In a prior post, I discussed the challenges in buying a business that I’ve encountered. But despite these setbacks, the feedback that I received from that post is encouraging. Many readers, including those who have gone through this process themselves have commented that finding the right business to buy takes time. But as this process is taking a long time, I am also experimenting with a few online business ideas.
While I continue exploring local businesses for sale, I am trying to remain cautiously optimistic that I’ll find something that works for me. And while I’ll continue going down the path to buy a business; but in the meantime, I’m not putting all my eggs into that one basket.
The ability to make a full-time income with an online business has always intrigued me. And while there’s no shortage of people out there who will tell you that it can be done, and they’ll gladly show you how it can be done, just like any business, I don’t expect making money with online business to come easily.
Finding Your Passion
An online business just seems like a natural fit for me. I’ve always been fascinated with technology. In fact, I’ll go so far as to say that technology is my passion.
In the past, I talked about not getting obsessed with finding your passion and instead going after whatever interests you. And while I still stand by that advice if you don’t know what you’re passionate about, if you can find something to pursue that you are passionate about, I think you’re likely to enjoy yourself more along the way.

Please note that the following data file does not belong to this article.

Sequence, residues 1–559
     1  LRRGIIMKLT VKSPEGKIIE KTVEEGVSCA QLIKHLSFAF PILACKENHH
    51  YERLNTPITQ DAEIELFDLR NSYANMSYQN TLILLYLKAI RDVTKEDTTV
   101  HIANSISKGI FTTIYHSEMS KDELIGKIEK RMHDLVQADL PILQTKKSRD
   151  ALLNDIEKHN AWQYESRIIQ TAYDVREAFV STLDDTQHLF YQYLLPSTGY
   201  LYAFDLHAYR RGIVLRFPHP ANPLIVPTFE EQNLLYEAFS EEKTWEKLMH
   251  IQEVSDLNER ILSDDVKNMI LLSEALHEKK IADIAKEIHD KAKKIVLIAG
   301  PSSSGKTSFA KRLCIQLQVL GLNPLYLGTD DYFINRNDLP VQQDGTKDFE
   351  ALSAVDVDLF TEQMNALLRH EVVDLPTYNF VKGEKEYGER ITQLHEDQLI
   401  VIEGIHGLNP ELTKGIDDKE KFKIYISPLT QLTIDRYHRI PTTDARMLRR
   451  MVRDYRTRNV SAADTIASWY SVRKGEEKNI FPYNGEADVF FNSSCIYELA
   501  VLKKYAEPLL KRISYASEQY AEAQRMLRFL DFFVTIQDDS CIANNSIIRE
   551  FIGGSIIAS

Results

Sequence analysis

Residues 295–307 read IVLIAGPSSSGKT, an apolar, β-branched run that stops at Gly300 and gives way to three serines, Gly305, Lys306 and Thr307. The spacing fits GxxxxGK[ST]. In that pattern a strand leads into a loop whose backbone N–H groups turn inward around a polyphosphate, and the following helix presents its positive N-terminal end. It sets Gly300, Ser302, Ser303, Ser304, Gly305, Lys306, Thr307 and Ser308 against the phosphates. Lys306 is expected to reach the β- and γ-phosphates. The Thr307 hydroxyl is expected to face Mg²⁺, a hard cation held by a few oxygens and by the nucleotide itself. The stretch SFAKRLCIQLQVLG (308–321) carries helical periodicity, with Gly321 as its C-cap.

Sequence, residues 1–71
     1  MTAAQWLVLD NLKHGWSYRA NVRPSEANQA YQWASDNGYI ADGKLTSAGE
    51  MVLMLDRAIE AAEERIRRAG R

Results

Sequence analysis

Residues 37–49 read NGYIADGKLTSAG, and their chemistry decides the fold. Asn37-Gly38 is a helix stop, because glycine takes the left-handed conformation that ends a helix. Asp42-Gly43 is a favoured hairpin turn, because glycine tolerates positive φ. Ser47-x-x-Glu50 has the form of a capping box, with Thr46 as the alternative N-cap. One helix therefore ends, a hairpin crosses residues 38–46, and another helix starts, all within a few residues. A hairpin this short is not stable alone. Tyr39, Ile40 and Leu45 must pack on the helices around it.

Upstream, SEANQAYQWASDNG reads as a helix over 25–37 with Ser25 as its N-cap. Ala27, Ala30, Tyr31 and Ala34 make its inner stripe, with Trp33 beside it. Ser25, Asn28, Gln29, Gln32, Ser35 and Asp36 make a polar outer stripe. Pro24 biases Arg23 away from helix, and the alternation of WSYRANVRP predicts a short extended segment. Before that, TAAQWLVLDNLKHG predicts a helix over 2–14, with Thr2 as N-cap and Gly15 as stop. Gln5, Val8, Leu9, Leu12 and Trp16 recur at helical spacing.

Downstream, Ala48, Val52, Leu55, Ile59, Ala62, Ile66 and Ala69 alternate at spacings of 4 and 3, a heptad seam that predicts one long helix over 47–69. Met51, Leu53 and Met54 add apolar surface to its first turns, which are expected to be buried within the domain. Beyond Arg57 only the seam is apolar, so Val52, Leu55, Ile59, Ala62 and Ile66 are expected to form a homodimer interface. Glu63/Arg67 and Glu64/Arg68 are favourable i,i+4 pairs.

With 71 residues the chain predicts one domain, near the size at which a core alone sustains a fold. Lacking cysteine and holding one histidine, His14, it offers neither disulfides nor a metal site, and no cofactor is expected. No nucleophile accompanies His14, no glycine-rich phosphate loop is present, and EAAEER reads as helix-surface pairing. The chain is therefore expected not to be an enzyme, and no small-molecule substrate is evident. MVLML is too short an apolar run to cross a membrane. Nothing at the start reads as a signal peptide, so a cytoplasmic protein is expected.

For me, in addition to my passion for technology, I am also passionate about entrepreneurship. I’m sure this is one of the reasons I want to buy a small business. But even more than buying a business, my passion is to start a business with a strong technology component (i.e., an online business).
My passion for technology goes back a long time. I designed websites in college. And before you start telling me how that’s not unusual, remember I was in college back when websites weren’t what they are today. Back then, most of us didn’t even have email or cell phones. How did we survive?
I also spent time back then in the text-based newsgroups that preceded what we know as the web today.
And my passion goes back even further. When I was in high school, my family purchased an Apple IIe. But before my father would let me buy any software games to play, he made me learn BASIC programming language and program my own rudimentary game.
And no where is my passion for technology more evident than when it comes to the countless hours I’ve spent working on the technical aspects of the Financial Slacker site.
Turning Your Passion Into a Business